GOING TO THE CINEMA

TAKING YOUR AUTISTIC CHILD TO THE MOVIES

Your child’s autistic condition must never become your sole reason for setting limitations to their outlet for fun and enjoyment. Every child deserves to be happy in their own ways, and that should not exclude those who are on the autism spectrum. While it is true that your autistic child is prone to develop sensory issues and social problems that might discourage you to let them try new things outside of their comfort zone, you must not leave your child in a stagnant phase and settle for a kind of decision that disregards what your child really feels and how they would respond to these new activities and routines. Reading books, skimming online resources and listening to other’s opinions is one step in providing a good developmental environment for your child, and helping them safely explore the unknown and expand their areas of learning is another step in enriching your child’s growth stage. One of the many things that you can try doing with your child is watching movies in the cinema. Although the idea itself already presents many worrying scenarios, there are a good number of ways to make your movie watching experience a memorable one despite your child’s autistic condition. You might be surprised with how happy and grateful you child will be after the activity is through.

Avoid Busy Days

Autistic people would easily get overwhelmed when they’re standing in the middle of a huge crowd of people. This can easily trigger meltdown tendencies if you are not thoughtful enough in scheduling your movie date. The most important thing to remember when you’re planning to watch mainstream and most anticipated movies is to avoid the first two weeks where there’s a huge wave of moviegoers falling in long lines. If you don’t want to ruin their excitement about the movie, you can delay your announcement about the planned activity and reveal it to them when the time is near. Once you get the schedule right, you’ll greatly reduce your child’s stress caused by social anxiety.

However, if the cinema is located inside a mall or any other business establishment, you also need to consider the congestion of people in that particular area during a specific time of the day. There’s no point in waiting for the least busy cinema days when the whole mall is still packed with a lot of people. What you can do is to watch the earliest movie showing during that day, where the people coming into the mall or business establishment is still fewer. To verify your estimation, you can try to contact both the cinema and mall ground hotlines and ask for the peak hours.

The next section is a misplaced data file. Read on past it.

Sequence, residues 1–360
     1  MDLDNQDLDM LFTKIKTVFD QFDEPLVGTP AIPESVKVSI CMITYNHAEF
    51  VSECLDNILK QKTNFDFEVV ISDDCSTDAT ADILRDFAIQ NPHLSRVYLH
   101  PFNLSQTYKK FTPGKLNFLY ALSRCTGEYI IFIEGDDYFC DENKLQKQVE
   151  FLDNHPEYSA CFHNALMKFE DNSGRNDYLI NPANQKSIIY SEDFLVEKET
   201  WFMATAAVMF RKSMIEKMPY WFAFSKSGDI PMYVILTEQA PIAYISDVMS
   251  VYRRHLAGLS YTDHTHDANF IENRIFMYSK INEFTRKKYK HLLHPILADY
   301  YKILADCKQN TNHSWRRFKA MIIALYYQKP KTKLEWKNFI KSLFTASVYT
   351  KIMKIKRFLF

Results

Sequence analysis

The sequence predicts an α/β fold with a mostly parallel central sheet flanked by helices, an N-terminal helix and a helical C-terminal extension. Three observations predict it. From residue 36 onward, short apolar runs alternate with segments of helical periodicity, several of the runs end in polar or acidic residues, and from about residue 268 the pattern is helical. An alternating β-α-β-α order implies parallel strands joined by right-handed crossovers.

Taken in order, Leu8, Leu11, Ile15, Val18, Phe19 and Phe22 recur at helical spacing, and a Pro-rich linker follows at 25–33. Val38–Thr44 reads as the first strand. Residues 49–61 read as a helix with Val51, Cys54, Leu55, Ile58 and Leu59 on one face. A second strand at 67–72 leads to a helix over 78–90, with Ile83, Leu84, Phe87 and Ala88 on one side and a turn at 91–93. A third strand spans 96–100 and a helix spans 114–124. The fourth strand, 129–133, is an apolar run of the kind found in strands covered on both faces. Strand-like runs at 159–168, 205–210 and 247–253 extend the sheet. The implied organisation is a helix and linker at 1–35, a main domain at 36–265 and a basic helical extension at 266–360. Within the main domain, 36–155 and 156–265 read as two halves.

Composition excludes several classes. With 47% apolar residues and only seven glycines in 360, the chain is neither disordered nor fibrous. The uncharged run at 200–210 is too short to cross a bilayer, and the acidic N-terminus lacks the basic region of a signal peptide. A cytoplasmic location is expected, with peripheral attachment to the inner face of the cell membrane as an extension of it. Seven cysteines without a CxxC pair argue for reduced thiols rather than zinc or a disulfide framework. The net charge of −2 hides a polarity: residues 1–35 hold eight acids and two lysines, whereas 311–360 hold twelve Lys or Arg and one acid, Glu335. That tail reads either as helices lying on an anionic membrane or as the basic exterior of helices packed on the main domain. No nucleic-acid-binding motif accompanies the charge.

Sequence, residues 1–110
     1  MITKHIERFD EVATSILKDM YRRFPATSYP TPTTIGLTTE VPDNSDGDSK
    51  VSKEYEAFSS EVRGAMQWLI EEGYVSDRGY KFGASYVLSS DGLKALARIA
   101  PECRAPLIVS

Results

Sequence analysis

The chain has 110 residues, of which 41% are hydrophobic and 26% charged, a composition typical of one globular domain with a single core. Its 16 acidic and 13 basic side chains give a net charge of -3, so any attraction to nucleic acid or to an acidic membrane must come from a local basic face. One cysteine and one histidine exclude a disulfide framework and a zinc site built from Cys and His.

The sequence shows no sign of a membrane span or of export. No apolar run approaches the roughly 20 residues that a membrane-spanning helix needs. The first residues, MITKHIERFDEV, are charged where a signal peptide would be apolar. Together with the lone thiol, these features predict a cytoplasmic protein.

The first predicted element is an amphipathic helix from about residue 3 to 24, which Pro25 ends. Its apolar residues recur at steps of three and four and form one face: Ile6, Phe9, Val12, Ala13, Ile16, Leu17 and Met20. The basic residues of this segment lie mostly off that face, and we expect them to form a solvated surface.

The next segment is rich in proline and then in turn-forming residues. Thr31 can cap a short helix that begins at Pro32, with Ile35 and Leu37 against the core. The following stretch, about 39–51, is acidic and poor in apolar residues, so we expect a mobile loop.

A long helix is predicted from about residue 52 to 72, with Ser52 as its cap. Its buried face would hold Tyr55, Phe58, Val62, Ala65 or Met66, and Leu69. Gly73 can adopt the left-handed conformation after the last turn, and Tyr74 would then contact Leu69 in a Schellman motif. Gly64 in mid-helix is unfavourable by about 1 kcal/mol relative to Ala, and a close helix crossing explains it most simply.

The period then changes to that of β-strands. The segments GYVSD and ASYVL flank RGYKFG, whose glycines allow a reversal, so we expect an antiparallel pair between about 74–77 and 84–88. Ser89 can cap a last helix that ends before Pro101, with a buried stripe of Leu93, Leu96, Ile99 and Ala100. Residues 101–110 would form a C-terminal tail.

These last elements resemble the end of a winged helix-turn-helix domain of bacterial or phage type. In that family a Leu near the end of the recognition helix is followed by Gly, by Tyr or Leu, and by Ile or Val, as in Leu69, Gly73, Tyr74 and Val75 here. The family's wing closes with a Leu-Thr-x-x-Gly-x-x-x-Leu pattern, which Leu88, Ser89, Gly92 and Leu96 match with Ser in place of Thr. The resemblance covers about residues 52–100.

Bring another familiar face with you

Seeing more than a single familiar face together with them, your child might feel more confident and comfortable than just the two of you going to the cinema. You may ask your partner, your other son or daughter, their grandparent or another close relative, or even your child’s friend or classmate to join you in watching the movie. Be sure, however, to treat the other person as generous and as nice as you can, so they also feel comfortable and grateful for the opportunity. You can shoulder the ticket and snacks, and even the ride back and forth. Bringing a frustrated or uninterested person by force will only make matters worse, and any atmosphere of awkwardness might be sensed by your autistic child.

Bring your own refreshments if you could

Especially for children who follow a strict diet, bringing your home-made snacks and drinks can help avoid tense situations from happening. You cannot discount the possibility that your child will get hungry while in the cinema, and there’s a good chance that the theater store is not selling any food allowed on your child’s diet. One of the greatest factors in achieving a good movie experience is the presence of morsels that you can just grab and munch while watching the big screen. You might just deprive your child of that if you forget to bring their special snacks.

Don’t forget to bring other essentials

Like any other public places, the cinema can be a source of different overwhelming sensory stimuli for your child. It is never encouraged for parents to bring their autistic child at the movie theater without equipping them with the necessary calming tools and outfit. If you fail to do so, you might just ruin other people’s cinema experience on top of cutting off your movie date with your child abruptly due to a sudden tantrum caused by sensory issues. As much as possible, let your child wear the appropriate calming clothes, with weighted jackets and shoes, as well as accessories. Also, don’t forget to bring their favorite gaming device or toys that are allowable inside the cinema. Noise-canceling earphones, sunglasses, and handkerchief might come in very handy in most situations.

Simulate theater experience at home

This is one of the best ways to prepare your child for the actual thing. Set up a cinema-inspired theme in your living room or bedroom, by turning off the lights, turning up the volume, and decreasing the room temperature. You can play a movie of your child’s choice, then tell them to keep quiet and stay calm as they can. Train your child to behave and sit patiently throughout the whole duration of the movie. If they got questions or concerns, tell them to whisper it to you or make signaling gestures.

For parents who are afraid of bringing their autistic child to public places like the cinema, it must be a relief to know that there are plenty of ways to make this happen. However, before actually planning to bring your child with you, it is of utmost importance that you ask their own opinion about it first. If your child is not particularly interested in such a proposition, it is much better to cancel your plan and avoid forcing your child to go with you.